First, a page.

University of Oxford: First definitive detection of carbon dioxide in an exoplanet atmosphere

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The planet in question, called WASP-39 b, is a hot gas-giant planet orbiting a sun-like star 700 light-years away in the constellation Virgo. It has a mass roughly one-quarter that of Jupiter (about the same as Saturn), yet its diameter is 1.3 times greater than Jupiter. Its extreme puffiness (partly caused by its high temperature, about 900°C) gives it an extended atmosphere free of high-altitude clouds that makes it perfect for detailed studies of its atmosphere.

Although previous observations from Hubble, Spitzer, and other telescopes indicated the presence of water vapour, sodium, and potassium on WASP-39 b, until now, there has been no instrument sensitive enough to record a reliable, undisputed measurement of carbon dioxide on an exoplanet.

Filtered starlight
Unlike the cooler, more compact gas giants in our solar system, WASP-39 b orbits very close to its star – only about one-eighth the distance between the sun and Mercury – completing one circuit in just over four Earth-days. The planet’s discovery, reported in 2011, was made based on ground-based detections of the subtle, periodic dimming of light from its host star as WASP-39 b passes in front (transits).

During a transit, some of the starlight is eclipsed by the planet completely (causing the overall dimming) and some is transmitted through the planet’s atmosphere. Because different gases absorb different combinations of colours, researchers can analyse small differences in the brightness of the transmitted light across a spectrum of wavelengths to determine exactly what an atmosphere is made of. With its combination of inflated atmosphere and frequent transits, WASP-39 b was the ideal target for such an analysis.

An international team of over 100 scientists used Webb’s Near-Infrared Spectrograph to carry out a transmission spectrum. This compared the starlight filtered through WASP-39 b’s atmosphere as it moved in front of the star to the unfiltered starlight detected when the planet is beside the star. To capture these data, Webb recorded around 500 individual brightness measurements (about one a minute) over a period of more than eight hours on 10 July 2022, beginning about three hours before the transit and ending about two hours after the transit was complete.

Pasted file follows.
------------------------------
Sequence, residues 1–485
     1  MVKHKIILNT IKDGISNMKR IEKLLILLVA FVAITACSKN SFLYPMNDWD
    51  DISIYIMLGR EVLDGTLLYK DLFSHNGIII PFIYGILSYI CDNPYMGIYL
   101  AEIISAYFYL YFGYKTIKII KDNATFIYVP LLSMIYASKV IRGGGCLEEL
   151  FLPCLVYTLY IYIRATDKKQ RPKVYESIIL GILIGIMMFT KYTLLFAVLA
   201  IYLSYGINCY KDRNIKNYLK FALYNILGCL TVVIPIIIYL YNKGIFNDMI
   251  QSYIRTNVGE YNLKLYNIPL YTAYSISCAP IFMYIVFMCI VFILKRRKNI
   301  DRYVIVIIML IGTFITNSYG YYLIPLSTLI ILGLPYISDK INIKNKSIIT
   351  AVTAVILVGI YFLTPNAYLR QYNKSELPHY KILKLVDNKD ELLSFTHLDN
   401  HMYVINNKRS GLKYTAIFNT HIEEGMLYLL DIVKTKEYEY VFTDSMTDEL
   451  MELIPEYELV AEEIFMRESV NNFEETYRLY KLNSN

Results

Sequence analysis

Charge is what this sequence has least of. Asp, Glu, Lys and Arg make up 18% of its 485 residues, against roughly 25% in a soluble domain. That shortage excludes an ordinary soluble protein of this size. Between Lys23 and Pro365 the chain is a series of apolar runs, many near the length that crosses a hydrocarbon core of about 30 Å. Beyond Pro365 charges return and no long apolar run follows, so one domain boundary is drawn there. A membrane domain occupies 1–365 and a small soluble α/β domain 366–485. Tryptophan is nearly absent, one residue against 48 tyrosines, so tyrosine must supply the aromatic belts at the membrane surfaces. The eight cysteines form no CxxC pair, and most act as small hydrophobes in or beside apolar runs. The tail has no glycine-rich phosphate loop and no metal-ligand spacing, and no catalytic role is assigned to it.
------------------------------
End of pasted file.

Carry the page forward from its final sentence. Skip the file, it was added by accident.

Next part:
Indisputable evidence
In a transmission spectrum, wavelengths absorbed by the atmosphere appear as peaks. The data from WASP-39 b showed a distinct peak between 4.1 and 4.6 microns: the first clear, detailed, indisputable evidence for carbon dioxide ever detected in a planet outside the Solar System.

Even without the strong carbon dioxide feature, this spectrum would be remarkable. No observatory has ever measured such subtle differences in brightness of so many individual colours across the 3 to 5.5-micron range in an exoplanet transmission spectrum before. Access to this part of the spectrum is crucial for measuring abundances of gases like water and methane, as well as carbon dioxide, which are thought to exist in many different types of exoplanets.

According to the researchers, detecting such a clear signal of carbon dioxide on WASP-39 b bodes well for the detection of atmospheres on smaller, terrestrial-sized planets. In addition, because carbon dioxide molecules are sensitive tracers of the story of planet formation, the measurement will enable the team to work out the proportions of solid and gaseous materials that formed this gas giant planet.

Vivien Parmentier, Associate Professor in Physics at Oxford University, who organized the modelling effort in preparation for the data analyses, said: ‘This is really a story both about science and team working. It is a first time that such a large group of exoplanet scientists have worked together, and these results showcase a brand new capability to detect carbon dioxide with amazing precision. This has far-reaching consequences, particularly because carbon dioxide is the main gas expected in smaller, rocky planets, including those which could potentially harbour life.’

‘This is really a story both about science and team working. It is the first time that such a large group of exoplanet scientists have worked together, and these results showcase a brand new capability to detect carbon dioxide with amazing precision. This has far-reaching consequences, particularly because carbon dioxide is the main gas expected in smaller, rocky planets, including those which could potentially harbour life.’

Dr Vivien Parmentier, Associate Professor in Physics at the University of Oxford

This analysis is part of the James Webb Space Telescope (JWST)’s Early Release Science program, which was designed to provide the exoplanet research community with robust Webb data as soon as possible. ‘This will allow scientists all over the world to be trained to analyse these new kind of datasets and be ready to make the most of the coming years of JWST observations’ added Associate Professor Parmentier.
In the coming decade, JWST will analyse the atmosphere of a variety of exoplanets, providing insight into the details of how planets form and the uniqueness of our own solar system.

The study Identification of carbon dioxide in an exoplanet atmosphere is published in Nature. Dr Shang-Min Tsai and Dr Xianyu Tan, in Oxford’s Physics Department also contributed to the modelling work.

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